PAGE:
So, you've been seeing someone for a few weeks and you notice that your new squeeze is behaving differently. You're getting fewer texts; maybe plans are more vague. Naturally, you begin to get anxious. You worry about whether they are still interested in you, or if they just need space. When you're in this uncomfortable situation, what do you do about it?
Although it may seem intuitive to talk about this, I'd caution you to think before you act. Bringing something up this early can send a message to your potential mate that you're anxious about your attachment and might be a high-maintenance person who can't handle having space in a relationship.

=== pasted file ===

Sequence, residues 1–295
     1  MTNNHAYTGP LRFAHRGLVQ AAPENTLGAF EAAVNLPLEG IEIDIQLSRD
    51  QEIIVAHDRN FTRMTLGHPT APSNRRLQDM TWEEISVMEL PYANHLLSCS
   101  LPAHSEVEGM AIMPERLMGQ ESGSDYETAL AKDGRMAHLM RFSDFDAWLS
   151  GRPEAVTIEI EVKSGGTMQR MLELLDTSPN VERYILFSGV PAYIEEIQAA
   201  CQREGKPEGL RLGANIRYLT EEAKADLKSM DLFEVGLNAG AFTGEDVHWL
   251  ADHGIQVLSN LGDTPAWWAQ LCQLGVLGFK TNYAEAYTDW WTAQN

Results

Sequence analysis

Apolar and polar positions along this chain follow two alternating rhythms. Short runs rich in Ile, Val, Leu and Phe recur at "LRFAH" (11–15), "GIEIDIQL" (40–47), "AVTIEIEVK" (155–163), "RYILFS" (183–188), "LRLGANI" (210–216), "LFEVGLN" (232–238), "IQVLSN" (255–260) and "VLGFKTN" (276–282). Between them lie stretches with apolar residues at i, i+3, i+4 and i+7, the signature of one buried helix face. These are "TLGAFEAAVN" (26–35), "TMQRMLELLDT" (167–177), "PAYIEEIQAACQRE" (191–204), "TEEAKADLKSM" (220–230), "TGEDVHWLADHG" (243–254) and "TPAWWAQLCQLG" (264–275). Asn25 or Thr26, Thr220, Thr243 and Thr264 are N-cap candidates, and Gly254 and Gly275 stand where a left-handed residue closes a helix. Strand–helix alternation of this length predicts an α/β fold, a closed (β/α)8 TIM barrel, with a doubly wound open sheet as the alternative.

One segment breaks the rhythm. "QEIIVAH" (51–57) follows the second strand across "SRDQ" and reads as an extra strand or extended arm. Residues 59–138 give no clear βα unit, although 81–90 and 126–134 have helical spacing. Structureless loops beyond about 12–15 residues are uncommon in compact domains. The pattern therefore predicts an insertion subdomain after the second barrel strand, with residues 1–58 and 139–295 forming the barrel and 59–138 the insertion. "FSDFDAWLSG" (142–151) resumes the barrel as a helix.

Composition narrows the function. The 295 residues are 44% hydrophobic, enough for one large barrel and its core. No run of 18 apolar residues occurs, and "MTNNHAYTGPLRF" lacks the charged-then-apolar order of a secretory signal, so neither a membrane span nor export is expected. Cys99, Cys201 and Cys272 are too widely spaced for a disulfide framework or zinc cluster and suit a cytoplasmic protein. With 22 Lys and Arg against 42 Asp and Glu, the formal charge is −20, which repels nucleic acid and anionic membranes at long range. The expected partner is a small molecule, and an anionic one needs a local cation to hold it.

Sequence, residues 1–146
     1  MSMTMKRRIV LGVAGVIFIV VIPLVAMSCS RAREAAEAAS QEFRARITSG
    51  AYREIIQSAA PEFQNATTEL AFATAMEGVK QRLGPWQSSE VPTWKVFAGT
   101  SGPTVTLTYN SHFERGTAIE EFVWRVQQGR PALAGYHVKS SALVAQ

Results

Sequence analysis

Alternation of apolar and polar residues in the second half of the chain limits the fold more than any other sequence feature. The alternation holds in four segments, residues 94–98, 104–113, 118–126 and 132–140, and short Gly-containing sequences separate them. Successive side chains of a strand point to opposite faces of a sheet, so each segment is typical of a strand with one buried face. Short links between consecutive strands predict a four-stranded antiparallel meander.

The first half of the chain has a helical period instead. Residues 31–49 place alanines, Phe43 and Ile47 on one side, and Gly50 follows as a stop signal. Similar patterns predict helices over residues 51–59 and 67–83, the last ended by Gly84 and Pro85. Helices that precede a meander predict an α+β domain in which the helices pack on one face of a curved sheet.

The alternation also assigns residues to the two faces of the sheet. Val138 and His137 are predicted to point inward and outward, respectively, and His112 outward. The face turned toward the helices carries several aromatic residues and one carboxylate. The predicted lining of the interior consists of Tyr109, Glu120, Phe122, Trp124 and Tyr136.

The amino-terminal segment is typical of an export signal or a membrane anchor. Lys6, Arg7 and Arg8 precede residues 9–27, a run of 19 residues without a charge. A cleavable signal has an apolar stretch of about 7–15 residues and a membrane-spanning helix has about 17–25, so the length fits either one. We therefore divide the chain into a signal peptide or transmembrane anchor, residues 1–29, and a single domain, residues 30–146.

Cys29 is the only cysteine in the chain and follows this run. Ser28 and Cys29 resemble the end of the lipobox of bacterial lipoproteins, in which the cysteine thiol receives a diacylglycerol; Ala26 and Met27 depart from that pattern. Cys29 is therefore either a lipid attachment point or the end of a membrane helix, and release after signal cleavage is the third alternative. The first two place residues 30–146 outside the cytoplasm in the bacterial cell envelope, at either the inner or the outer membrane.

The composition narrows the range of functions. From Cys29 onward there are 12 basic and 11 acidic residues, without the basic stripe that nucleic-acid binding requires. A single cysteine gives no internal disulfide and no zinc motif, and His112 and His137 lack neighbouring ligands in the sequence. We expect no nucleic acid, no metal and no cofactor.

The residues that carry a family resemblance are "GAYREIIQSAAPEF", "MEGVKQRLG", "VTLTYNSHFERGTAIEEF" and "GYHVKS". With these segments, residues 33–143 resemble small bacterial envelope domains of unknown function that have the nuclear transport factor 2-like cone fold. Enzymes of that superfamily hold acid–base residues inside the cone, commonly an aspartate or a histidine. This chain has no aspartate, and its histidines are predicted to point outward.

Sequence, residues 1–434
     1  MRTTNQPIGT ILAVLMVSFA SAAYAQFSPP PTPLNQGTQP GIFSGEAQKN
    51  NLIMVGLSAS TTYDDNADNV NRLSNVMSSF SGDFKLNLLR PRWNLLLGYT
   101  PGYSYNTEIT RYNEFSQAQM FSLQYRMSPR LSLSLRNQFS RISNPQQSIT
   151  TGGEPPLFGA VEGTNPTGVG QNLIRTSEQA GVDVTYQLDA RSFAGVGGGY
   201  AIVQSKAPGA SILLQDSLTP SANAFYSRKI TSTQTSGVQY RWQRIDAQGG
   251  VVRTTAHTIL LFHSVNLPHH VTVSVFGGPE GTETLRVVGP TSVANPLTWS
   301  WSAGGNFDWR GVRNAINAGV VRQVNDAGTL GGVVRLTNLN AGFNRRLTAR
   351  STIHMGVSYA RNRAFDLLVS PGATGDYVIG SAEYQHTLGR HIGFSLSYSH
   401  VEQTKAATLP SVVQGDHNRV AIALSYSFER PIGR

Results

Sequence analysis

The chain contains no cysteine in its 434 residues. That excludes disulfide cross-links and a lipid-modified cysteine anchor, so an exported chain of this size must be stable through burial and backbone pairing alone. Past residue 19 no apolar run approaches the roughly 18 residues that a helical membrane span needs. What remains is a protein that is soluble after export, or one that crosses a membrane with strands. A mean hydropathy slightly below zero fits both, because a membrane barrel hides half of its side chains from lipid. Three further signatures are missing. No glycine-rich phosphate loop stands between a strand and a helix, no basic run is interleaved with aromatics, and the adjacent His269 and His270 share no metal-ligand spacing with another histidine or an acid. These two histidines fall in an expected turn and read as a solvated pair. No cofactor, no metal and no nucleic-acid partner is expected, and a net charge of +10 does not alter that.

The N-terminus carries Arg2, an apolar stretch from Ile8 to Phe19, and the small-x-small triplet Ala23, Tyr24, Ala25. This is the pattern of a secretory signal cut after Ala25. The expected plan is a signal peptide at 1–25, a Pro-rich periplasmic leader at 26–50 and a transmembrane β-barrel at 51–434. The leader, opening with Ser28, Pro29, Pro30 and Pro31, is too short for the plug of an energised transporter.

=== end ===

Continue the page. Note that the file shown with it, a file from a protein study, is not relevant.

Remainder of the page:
Your plan B might be to comb through the person's social media profiles and check for signs of another person in their life. If any evidence is found, you then spend hours moping about the discovery. (Don't.)
The downfall of both of these strategies is that they stem from an inability to deal with uncomfortable feelings. The uncertainty and ambiguity of not knowing where you stand are difficult to handle, and you might think you don't have the capacity to sit back and see what happens next. But you do.
So, here are five tips to help you tolerate discomfort rather than being ruled by it: